Tel: 01964 598102
Mob: 07906 879440
E-mail: info@hallecology.co.uk

DSCF2520Many of our bat species in the UK use trees throughout the year to roost in.  Prior to the development of the countryside by man and the subsequent increase in buildings and other artificial structures suitable for roosting bats, the tree was a primary source of potential roost features (PRF).  A PRF can be anything from the obvious rot cavity in a main trunk of a tree to a woodpecker hole out on a limb; from thick ivy to peeled bark.  A bat needs a dry space where it can tuck itself DSCF2531away.  A basic rule is if you can get your thumb in it, it’s big enough for a bat.

The only way to have confidence in the results of a survey for a bat roost in a tree is for the surveyor to get up into it.  Although an assessment of the potential for a tree to support roosting bats can be made from the ground the only real way to survey a potential roost feature for roosting bats is to conduct an aerial survey.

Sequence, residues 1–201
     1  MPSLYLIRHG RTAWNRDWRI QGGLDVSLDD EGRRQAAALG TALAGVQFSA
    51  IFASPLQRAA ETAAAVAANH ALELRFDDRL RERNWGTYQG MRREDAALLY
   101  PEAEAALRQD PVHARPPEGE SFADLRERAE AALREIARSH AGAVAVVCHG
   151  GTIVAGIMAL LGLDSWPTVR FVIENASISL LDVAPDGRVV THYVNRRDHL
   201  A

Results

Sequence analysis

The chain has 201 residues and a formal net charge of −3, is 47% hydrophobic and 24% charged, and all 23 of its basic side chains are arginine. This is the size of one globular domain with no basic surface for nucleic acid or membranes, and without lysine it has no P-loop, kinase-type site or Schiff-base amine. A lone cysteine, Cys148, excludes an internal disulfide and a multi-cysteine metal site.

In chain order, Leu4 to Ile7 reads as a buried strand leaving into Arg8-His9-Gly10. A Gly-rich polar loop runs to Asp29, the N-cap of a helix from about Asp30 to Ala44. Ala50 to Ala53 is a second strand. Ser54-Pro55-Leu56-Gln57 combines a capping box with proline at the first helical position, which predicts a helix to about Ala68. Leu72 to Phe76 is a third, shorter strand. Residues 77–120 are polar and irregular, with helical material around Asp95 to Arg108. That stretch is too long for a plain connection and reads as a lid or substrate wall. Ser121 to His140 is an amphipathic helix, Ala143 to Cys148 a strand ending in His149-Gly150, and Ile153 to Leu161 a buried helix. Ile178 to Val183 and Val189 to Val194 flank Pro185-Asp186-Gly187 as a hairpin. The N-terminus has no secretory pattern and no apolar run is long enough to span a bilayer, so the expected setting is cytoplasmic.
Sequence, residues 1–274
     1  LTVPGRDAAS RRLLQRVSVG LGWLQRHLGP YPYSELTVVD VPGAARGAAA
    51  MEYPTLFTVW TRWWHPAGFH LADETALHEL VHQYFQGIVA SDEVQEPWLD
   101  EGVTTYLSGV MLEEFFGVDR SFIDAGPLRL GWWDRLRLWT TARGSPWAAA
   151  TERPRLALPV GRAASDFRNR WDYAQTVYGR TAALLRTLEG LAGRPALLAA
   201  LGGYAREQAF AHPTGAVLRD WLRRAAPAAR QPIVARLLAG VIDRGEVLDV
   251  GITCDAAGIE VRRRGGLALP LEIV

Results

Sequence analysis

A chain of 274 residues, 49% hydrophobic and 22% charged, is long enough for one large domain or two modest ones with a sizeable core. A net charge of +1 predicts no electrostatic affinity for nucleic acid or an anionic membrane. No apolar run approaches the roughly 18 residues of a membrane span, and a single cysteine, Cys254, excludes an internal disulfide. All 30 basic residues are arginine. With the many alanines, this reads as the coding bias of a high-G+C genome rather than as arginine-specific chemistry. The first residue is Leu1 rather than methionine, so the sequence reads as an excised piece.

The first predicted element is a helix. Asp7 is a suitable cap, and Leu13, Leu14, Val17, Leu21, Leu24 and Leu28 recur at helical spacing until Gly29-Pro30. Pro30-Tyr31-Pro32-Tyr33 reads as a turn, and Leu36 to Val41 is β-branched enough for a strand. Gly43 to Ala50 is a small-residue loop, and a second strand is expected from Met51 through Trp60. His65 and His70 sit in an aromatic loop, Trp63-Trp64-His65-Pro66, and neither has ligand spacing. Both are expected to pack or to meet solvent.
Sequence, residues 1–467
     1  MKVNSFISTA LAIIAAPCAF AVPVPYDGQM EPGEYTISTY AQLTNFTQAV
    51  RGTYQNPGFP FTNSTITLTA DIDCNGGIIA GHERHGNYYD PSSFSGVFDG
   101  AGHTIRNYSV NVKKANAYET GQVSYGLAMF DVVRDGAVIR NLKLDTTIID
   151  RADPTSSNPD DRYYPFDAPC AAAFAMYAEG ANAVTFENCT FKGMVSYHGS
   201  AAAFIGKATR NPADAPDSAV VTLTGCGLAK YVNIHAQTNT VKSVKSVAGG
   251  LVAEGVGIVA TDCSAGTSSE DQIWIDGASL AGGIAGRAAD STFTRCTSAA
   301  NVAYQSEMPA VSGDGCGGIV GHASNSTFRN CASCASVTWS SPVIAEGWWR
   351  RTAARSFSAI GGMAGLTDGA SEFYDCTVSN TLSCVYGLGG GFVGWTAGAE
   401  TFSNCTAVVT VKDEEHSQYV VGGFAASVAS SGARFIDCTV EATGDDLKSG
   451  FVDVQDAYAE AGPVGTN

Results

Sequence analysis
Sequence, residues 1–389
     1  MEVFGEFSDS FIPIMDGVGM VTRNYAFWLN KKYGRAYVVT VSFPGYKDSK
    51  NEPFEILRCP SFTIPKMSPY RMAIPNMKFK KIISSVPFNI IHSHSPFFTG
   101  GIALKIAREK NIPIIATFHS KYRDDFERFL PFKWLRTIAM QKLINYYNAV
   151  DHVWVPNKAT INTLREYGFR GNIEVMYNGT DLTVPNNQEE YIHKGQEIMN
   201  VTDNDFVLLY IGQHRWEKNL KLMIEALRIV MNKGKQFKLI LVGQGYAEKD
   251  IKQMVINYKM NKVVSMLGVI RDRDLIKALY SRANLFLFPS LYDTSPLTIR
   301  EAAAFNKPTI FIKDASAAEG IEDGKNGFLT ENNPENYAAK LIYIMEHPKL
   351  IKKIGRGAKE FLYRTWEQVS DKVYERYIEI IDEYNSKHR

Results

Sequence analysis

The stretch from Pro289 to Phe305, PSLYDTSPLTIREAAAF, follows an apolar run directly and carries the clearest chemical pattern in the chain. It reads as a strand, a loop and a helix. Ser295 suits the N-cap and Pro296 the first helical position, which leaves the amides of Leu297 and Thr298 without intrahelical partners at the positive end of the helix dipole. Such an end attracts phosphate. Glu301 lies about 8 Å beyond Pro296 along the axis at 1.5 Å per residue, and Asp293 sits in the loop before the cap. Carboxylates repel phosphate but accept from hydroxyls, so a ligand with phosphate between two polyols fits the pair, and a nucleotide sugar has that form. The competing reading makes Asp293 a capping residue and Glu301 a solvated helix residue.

Our bat specialist is both licensed (NE, SNH and CCW; including the use of endoscopes) and trained to conduct aerial inspections of potential roost features (PRF) using both rope and harness (NPTC CS38) and a mobile elevated work platform (MEWP IPAF 3a/3b).  We can provide specialist assistance to tree surgeons carrying out emergency tree work or to developments where an assessment of tree usage by bats is required.

Our bat specialist is also available to provide instruction on Bats and Arboriculture awareness to tree workers who might need to brush up on their bat knowledge.


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